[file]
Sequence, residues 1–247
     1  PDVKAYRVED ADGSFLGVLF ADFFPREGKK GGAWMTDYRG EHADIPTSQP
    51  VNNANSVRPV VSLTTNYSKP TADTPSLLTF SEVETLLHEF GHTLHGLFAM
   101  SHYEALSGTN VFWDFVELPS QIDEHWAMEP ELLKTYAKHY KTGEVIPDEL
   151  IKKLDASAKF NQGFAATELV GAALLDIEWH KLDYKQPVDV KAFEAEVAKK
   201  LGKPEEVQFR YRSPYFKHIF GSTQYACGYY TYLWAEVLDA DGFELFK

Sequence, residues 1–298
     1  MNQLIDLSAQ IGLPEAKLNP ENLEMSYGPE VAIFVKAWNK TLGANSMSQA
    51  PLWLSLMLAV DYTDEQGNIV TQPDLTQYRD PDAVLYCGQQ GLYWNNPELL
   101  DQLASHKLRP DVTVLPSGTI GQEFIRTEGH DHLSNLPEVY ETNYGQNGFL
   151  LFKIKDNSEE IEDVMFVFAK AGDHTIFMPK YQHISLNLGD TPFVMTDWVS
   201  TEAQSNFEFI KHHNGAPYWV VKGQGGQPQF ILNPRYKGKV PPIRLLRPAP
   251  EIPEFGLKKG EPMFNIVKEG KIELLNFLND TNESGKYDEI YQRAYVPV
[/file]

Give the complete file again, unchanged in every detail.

Sequence, residues 1–247
     1  PDVKAYRVED ADGSFLGVLF ADFFPREGKK GGAWMTDYRG EHADIPTSQP
    51  VNNANSVRPV VSLTTNYSKP TADTPSLLTF SEVETLLHEF GHTLHGLFAM
   101  SHYEALSGTN VFWDFVELPS QIDEHWAMEP ELLKTYAKHY KTGEVIPDEL
   151  IKKLDASAKF NQGFAATELV GAALLDIEWH KLDYKQPVDV KAFEAEVAKK
   201  LGKPEEVQFR YRSPYFKHIF GSTQYACGYY TYLWAEVLDA DGFELFK

Sequence, residues 1–298
     1  MNQLIDLSAQ IGLPEAKLNP ENLEMSYGPE VAIFVKAWNK TLGANSMSQA
    51  PLWLSLMLAV DYTDEQGNIV TQPDLTQYRD PDAVLYCGQQ GLYWNNPELL
   101  DQLASHKLRP DVTVLPSGTI GQEFIRTEGH DHLSNLPEVY ETNYGQNGFL
   151  LFKIKDNSEE IEDVMFVFAK AGDHTIFMPK YQHISLNLGD TPFVMTDWVS
   201  TEAQSNFEFI KHHNGAPYWV VKGQGGQPQF ILNPRYKGKV PPIRLLRPAP
   251  EIPEFGLKKG EPMFNIVKEG KIELLNFLND TNESGKYDEI YQRAYVPV